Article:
How to Make HTML5 from Silverlight?

Silverlight was developed by Microsoft as a possible replacement to the widely used SWF video streaming format supported by Flash. As the preferred video playback platform used by YouTube, Flash made its way onto computers of millions of Internet users online. Just as Silverlight seemed to start taking off, mainly through the Windows mobile operating system support, the online video streaming scene was stormed by the coming of HTML5.

Now things have changed even for Flash and the majority of web developers are looking for ways to generate HTML5 from Silverlight, now a universally recognized platform for rendering interactive content directly to browsers, bypassing any third-party applications, and soon to become the new preferred way of streaming videos online.

Microsoft Silverlight produces rich online applications in the XAML FlowDocument format and is compatible throughout the different versions of Microsoft Windows operating systems, as well as Mac OS X. It has many uses, but not all webmasters endorse it for their websites. Those looking to expand the functionality of their XAML applications to the new HTML5 standard have to find a way to convert these formats.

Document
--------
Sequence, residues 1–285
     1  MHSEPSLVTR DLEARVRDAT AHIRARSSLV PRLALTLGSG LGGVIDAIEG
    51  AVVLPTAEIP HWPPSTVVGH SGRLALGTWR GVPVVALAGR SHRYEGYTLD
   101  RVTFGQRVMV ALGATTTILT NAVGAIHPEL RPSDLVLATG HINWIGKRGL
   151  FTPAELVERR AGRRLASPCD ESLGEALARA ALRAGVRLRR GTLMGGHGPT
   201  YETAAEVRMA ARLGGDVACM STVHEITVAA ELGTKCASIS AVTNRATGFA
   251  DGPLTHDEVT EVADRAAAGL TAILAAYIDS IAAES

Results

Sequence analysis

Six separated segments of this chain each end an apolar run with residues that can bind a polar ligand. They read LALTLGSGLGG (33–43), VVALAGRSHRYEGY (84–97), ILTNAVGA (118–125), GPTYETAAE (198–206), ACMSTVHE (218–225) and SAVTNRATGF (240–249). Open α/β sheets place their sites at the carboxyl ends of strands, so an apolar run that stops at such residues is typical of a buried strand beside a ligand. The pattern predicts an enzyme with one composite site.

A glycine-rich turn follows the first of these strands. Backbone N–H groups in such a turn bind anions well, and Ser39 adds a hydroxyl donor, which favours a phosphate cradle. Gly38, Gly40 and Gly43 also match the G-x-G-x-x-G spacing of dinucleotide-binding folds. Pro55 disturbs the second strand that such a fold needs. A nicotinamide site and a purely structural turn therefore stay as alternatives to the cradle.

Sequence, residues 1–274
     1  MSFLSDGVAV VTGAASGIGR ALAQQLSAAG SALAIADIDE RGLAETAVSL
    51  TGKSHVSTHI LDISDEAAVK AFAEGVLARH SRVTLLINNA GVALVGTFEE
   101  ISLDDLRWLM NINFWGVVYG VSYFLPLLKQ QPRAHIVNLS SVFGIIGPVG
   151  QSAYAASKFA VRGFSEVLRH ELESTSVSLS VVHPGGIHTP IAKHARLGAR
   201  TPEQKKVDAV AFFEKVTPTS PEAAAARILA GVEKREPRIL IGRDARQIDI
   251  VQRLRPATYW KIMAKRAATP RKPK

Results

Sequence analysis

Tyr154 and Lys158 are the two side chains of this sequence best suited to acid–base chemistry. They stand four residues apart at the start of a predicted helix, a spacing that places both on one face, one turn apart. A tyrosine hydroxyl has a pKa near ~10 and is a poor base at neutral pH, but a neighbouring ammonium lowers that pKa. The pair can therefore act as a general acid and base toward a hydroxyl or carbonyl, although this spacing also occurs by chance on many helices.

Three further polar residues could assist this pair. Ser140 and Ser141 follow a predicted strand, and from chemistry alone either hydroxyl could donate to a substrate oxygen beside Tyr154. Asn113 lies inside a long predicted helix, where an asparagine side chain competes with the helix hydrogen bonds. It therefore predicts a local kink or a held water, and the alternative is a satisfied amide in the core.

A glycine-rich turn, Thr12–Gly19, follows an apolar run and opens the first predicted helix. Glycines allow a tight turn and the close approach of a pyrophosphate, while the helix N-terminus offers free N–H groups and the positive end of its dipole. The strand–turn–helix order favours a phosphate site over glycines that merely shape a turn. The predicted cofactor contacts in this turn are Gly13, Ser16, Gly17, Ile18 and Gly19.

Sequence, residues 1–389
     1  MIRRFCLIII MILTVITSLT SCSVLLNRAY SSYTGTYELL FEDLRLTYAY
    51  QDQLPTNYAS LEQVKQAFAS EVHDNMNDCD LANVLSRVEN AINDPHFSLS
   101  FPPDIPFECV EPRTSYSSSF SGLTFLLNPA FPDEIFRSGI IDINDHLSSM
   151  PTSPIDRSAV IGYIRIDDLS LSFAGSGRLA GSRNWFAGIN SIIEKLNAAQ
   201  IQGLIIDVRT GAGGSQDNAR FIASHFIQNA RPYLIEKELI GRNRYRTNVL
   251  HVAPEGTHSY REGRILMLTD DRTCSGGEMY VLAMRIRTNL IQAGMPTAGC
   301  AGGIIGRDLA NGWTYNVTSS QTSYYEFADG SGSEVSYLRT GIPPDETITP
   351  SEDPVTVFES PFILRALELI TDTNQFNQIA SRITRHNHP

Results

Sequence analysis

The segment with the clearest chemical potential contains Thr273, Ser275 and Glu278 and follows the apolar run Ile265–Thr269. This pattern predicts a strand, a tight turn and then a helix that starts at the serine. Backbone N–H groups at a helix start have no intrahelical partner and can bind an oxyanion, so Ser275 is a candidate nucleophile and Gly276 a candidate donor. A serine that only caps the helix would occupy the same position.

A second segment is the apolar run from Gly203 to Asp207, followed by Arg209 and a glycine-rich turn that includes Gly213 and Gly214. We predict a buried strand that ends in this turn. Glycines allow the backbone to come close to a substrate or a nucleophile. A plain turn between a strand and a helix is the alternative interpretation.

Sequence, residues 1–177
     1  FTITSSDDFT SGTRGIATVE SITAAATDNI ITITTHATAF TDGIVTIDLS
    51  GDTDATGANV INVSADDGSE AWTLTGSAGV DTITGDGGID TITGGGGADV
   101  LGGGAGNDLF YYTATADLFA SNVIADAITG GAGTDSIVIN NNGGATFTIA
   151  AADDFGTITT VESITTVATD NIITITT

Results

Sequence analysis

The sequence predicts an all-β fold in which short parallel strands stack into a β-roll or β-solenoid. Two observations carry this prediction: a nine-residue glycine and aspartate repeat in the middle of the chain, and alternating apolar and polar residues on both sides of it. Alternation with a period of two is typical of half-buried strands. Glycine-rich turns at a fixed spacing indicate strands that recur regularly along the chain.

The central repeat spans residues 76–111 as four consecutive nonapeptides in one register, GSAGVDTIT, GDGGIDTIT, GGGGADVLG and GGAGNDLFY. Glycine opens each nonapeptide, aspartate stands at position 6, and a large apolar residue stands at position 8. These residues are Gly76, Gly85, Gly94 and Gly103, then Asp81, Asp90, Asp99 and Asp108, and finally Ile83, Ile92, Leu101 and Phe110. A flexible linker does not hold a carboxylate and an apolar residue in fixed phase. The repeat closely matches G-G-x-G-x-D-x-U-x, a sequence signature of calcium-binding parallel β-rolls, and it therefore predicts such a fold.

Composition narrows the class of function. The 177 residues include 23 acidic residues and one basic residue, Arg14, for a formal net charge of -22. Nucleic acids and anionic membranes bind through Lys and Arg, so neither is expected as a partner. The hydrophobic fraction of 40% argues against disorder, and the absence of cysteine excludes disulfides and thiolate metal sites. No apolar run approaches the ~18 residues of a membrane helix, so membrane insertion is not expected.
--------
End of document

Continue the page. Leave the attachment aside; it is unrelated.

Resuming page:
While there are many common traits in both platforms, the core differences in code make it a bit tricky to convert Silverlight to HTML5. Even experienced web developers usually prefer to go with a fully functional converting utility or develop a new application in HTML5 altogether.

A known way to Silverlight-to-HTML5 encoding is to use a conversion library. Built by taking apart the code of both platforms and carefully tying each function to its respective strips of code, a conversion library will enable XAML FlowDocument applications of Silverlight to be converted into a full-fledged HTML5.

The solution may sound simple, but the conversion is not always seamless. Few applications transfer perfectly from one platform to another. Moreover, the whole point of using one of these platforms is to utilize their unique functionality features, not available or interpreted differently on the other. That is why many developers still prefer to develop their applications for one of the platforms exclusively.

This does not mean that it is impossible to do it without additional problems. For one thing, both platforms can be used for the purpose of online video playback. As it happens, the video content can be transferred easily from one of them to the other, in case a web designer has suddenly decided to go with HTML5 video streaming capability for their latest website. It is a good decision to make in the face of the most recent developments and can be done with free software like Easy HTML5 Video.

The most important thing to understand is that both platforms must use some video file format in order to display it online. Since HTML5 currently supports videos encoded using H.264 MP4, OGG and WebM codecs, what you have to do is extract your Silverlight video file and convert it to one of those video formats with a video converter application such as Easy HTML5 Video. This will make the video compatible with the new web standard and is the easiest way to successfully generate Silverlight from HTML5.

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